Q. Was their view of nationalism naive?

A. Not entirely. Men like Smuts and Zimmern believed that people need to form communities and asked how those communities could be prevented from going to war. They believed ultimately that war would be prevented by a change in consciousness, in the human spirit. In the meantime you need an organization, but their attitude to that organization was always ambivalent.

Q. Don’t we hear similar sentiments today?

A. Certainly. We have humanitarian interventionists who are rather reminiscent of Zimmern and Smuts and who believe in the emancipation of the human spirit, if necessary through the agency of the United States this time, not the British Empire. I wanted to show that there’s a history to this way of thinking, a history that might give you pause. It’s a form of moralizing that conceals its connection to power. I specialize in modern Greece and when you see the world from the perspective of a small country where people are constantly intervening you develop a different attitude.

Q. You write of postwar Europe: “What the . . . Nazis had called for in the 1930s, the Allies now promoted . . . ’’ Explain.

A. I describe the early 1940s and this conversation between the Nazis and their opponents about how the world should be. Nationalism is at the heart of this, of course. The more theoretically minded Nazis declared that they too had a vision of peace in Europe. What would bring peace was the eradication of minorities. Among their opponents, the debate became should the UN reproduce the league’s minority rights regime? The resounding answer was no. Why? Because it obliges you to protect dissenting groups who stir up trouble. Who were the biggest minority in pre-war Europe? The Germans. And look what happened. So the general view of the UN’s founders was that minority rights be shelved in favor of ethnically homogenous states. This might be a solution to Europe’s - and the world’s - problems. The Jews, for example, could have a state of their own, and Jewish groups were at the heart of this debate.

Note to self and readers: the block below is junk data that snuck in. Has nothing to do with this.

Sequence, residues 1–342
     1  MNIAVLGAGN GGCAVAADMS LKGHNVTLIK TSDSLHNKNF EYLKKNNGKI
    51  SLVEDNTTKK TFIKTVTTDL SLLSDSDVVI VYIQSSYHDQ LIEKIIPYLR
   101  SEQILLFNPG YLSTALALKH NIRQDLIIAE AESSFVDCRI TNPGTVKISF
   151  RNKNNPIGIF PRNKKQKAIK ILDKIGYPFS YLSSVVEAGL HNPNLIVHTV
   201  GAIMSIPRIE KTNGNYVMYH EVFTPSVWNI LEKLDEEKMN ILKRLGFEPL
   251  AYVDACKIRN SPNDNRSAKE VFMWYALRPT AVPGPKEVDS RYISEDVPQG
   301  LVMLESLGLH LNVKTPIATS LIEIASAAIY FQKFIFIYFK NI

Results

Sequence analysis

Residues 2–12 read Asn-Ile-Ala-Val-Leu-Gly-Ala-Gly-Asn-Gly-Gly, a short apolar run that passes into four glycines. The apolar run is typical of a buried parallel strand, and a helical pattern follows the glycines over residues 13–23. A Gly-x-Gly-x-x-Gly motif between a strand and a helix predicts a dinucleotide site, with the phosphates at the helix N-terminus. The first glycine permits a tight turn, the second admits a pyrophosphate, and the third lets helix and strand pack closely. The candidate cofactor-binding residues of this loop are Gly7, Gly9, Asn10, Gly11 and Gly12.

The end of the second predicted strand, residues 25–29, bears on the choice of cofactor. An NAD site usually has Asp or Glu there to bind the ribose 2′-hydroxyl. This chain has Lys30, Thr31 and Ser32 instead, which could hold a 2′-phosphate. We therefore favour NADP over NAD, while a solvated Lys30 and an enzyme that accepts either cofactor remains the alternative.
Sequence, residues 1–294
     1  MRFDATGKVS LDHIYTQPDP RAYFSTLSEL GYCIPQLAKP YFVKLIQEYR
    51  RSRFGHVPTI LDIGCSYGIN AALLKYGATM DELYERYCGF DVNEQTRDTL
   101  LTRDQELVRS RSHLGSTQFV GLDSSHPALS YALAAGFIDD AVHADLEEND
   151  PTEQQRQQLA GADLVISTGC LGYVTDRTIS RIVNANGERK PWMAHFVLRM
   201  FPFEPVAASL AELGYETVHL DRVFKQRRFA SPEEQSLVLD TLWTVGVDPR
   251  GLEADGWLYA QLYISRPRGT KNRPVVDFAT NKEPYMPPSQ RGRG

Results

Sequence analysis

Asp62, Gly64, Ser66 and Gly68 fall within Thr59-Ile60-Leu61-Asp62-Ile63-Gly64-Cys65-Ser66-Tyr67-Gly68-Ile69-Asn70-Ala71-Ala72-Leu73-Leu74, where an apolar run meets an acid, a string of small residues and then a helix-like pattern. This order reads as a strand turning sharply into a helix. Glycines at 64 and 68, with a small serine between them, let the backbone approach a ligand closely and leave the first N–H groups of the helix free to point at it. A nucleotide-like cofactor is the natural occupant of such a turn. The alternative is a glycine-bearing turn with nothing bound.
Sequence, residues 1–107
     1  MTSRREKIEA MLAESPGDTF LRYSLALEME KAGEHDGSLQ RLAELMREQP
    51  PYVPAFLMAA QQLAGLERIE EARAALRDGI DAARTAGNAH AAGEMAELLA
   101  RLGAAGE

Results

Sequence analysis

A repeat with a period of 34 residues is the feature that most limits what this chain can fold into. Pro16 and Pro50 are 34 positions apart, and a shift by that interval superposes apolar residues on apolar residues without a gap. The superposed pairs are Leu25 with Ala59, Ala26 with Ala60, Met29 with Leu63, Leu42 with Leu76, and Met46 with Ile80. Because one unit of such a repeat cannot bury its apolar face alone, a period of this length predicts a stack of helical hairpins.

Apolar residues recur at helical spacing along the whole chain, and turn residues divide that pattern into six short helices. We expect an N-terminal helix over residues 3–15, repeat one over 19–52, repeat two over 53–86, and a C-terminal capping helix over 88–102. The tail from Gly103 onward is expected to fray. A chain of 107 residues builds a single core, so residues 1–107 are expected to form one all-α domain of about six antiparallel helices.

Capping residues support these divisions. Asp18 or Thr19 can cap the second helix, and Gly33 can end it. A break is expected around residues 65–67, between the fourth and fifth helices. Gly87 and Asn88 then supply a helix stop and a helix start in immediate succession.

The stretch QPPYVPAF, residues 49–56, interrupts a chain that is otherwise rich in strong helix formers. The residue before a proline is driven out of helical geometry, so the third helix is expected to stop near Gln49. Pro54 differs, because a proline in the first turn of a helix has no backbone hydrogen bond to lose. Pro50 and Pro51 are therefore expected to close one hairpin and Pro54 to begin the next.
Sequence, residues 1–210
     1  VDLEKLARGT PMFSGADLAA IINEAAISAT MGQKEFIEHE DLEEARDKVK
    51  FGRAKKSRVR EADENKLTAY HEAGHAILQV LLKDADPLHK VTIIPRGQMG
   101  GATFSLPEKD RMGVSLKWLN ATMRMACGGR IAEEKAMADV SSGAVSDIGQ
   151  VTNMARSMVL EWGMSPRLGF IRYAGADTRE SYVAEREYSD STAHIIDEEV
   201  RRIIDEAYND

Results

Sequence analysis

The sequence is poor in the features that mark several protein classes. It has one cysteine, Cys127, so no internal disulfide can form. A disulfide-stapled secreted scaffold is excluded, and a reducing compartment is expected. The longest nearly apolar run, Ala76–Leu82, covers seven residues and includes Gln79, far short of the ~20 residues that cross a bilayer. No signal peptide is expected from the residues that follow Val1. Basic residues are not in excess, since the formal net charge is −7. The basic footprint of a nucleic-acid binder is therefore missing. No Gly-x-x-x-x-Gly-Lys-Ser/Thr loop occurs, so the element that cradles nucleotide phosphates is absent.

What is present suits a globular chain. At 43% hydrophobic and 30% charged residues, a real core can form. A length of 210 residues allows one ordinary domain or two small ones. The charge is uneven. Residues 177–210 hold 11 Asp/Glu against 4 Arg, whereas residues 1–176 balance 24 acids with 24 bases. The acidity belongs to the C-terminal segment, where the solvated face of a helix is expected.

Q. How significant for the UN was the founding of Israel?

A. You can look at it two ways. You can say that this was the moment in which the UN ratified a colonial settler state in the Middle East. Or you could say this was the moment in which the UN made it clear that it believed in national self-determination outside Europe. At the time, however, the role of the UN in South and North Africa would have been seen as more significant. It showed that the UN - originally conceived in the mold of imperial internationalism - soon helped bring empires down. This book ends there, but the UN would continue to change, leaving the intentions of its founders far behind.

Anna Mundow, a freelance journalist living in Central Massachusetts, is a correspondent for the Irish Times. She can be reached by e-mail at ama1668@hotmail .com.